Un-leasing Innovation in Value Chain – A Driver for Growth

Published by MBA Skool Team, Published on July 27, 2013

"Innovation is the specific tool of entrepreneurs, the means by which they exploit change as an opportunity for a different business or a different service. It is capable of being presented as a discipline, capable of being learned, capable of being practiced. Entrepreneurs need to search purposefully for the sources of innovation, the changes and their symptoms that indicate opportunities for successful innovation. And they need to know and to apply the principles of successful innovation."— Peter Drucker

In today's fiercely competitive global business environment, corporations are under compulsions to find new and unique ways to create and deliver value to customers through innovations and the demand to innovate and deliver better value addition is growing ever stronger and stronger.

Since value chain function has been identified as a key value lever linking demand to delivery, in order to capture this value, the focus has been on taking Value Chain to a central stage of business strategy. Unlocking its potential through innovation will create significant opportunities for corporate success, performance, and profit - it can become a key strategic differentiator and a corporate contributor. Un-leasing innovation in the value chain drives organizational growth.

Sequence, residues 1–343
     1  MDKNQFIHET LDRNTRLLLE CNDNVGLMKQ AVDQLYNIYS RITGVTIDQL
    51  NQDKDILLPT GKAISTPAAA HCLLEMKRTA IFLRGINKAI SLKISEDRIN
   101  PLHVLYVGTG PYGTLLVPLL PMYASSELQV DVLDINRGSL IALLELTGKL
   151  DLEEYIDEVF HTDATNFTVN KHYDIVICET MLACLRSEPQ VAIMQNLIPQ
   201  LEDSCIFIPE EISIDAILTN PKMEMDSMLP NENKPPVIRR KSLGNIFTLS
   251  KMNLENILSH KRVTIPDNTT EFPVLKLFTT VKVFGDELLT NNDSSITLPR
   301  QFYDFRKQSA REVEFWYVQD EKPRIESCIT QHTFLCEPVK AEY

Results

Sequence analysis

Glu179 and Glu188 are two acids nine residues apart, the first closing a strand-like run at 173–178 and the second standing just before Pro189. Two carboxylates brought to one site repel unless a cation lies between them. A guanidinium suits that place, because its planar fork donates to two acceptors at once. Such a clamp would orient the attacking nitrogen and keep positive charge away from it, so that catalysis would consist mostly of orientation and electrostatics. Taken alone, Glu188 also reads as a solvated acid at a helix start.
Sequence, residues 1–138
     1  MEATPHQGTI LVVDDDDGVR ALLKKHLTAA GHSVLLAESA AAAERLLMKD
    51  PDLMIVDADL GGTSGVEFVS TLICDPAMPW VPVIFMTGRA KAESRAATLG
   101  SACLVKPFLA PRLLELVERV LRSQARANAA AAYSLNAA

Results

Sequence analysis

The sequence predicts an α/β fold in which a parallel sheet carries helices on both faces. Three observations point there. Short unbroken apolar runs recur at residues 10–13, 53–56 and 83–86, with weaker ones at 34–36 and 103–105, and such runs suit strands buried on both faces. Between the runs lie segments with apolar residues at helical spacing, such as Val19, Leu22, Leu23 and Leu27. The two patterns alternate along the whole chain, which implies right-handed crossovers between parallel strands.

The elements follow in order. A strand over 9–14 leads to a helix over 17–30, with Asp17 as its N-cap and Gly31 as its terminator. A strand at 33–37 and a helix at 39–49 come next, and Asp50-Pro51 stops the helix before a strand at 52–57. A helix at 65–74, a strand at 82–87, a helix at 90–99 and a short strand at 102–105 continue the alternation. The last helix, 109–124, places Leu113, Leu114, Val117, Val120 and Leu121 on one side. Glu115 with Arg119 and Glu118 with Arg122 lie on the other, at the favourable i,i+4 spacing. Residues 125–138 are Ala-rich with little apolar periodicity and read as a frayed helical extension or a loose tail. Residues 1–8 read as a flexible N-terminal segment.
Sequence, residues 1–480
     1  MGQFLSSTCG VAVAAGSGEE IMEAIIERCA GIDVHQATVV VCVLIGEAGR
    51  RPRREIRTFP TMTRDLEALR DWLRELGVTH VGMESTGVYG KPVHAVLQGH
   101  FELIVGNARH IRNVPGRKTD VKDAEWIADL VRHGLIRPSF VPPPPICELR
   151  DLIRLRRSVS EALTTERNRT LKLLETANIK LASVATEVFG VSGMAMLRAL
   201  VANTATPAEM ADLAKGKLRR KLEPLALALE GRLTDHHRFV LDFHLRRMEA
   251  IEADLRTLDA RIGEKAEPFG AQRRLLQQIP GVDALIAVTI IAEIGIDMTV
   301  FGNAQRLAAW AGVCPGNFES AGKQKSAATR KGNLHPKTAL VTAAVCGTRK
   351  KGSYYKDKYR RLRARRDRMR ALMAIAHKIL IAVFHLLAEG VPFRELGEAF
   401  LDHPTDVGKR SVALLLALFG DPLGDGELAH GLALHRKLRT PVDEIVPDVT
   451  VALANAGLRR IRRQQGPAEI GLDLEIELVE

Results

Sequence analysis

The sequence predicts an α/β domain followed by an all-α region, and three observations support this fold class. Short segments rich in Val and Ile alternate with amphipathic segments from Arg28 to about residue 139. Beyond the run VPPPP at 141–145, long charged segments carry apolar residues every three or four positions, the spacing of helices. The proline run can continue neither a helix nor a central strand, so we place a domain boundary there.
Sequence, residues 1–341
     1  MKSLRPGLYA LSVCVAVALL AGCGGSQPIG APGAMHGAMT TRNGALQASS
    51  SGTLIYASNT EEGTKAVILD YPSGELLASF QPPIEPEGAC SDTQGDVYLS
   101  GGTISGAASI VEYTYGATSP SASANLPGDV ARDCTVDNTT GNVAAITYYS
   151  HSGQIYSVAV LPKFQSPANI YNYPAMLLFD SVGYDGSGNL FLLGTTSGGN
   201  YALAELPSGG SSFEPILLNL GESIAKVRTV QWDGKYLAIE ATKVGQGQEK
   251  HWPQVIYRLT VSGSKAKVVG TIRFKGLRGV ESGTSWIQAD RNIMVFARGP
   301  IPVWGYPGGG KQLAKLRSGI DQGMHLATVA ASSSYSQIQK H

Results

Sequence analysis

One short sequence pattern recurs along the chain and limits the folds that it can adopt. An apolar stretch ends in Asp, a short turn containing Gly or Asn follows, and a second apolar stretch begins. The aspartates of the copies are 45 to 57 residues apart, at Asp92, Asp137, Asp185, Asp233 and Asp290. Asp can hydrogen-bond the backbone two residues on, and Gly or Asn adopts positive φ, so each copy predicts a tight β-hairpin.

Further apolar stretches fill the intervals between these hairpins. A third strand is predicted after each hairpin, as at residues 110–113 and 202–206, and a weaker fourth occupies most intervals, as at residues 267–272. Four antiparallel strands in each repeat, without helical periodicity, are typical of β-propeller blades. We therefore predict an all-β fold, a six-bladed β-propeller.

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In a value chain additional value is created at each stage. Value added refers to any additional value created (the difference between input cost and output value in financial terms and / or also perceived / intangible value enhancement in services) at a particular stage that include both tangible value added through raw material transformation, through various stages of production / processes by using man, machines and money and intangible value added through services, intellectual capital and capabilities of a firm and relational exchange like building of collaborative relationships to enhance efficiency and effectiveness. Value added (both tangible and intangible) at different stages making different levels of contribution towards value generation are being transferred along the supply chain from point of origin to point of consumption creating value chain.


Innovation is a process of identifying an opportunity or need and developing an idea, imagination, concept or creative thinking, coupled with use of knowledge, information, skill, ability and other resources (including financial resources) and taking risk to translate these into an outcome or change (Commercialization) that is substantially different, creative or new and the resultant product or service / process / method or way to do things is intended to create value by solving a problem, satisfy wants / needs and make some-thing or some-body better off strategically, technologically, economically, intellectually, socially and that is widely accessible and adoptable.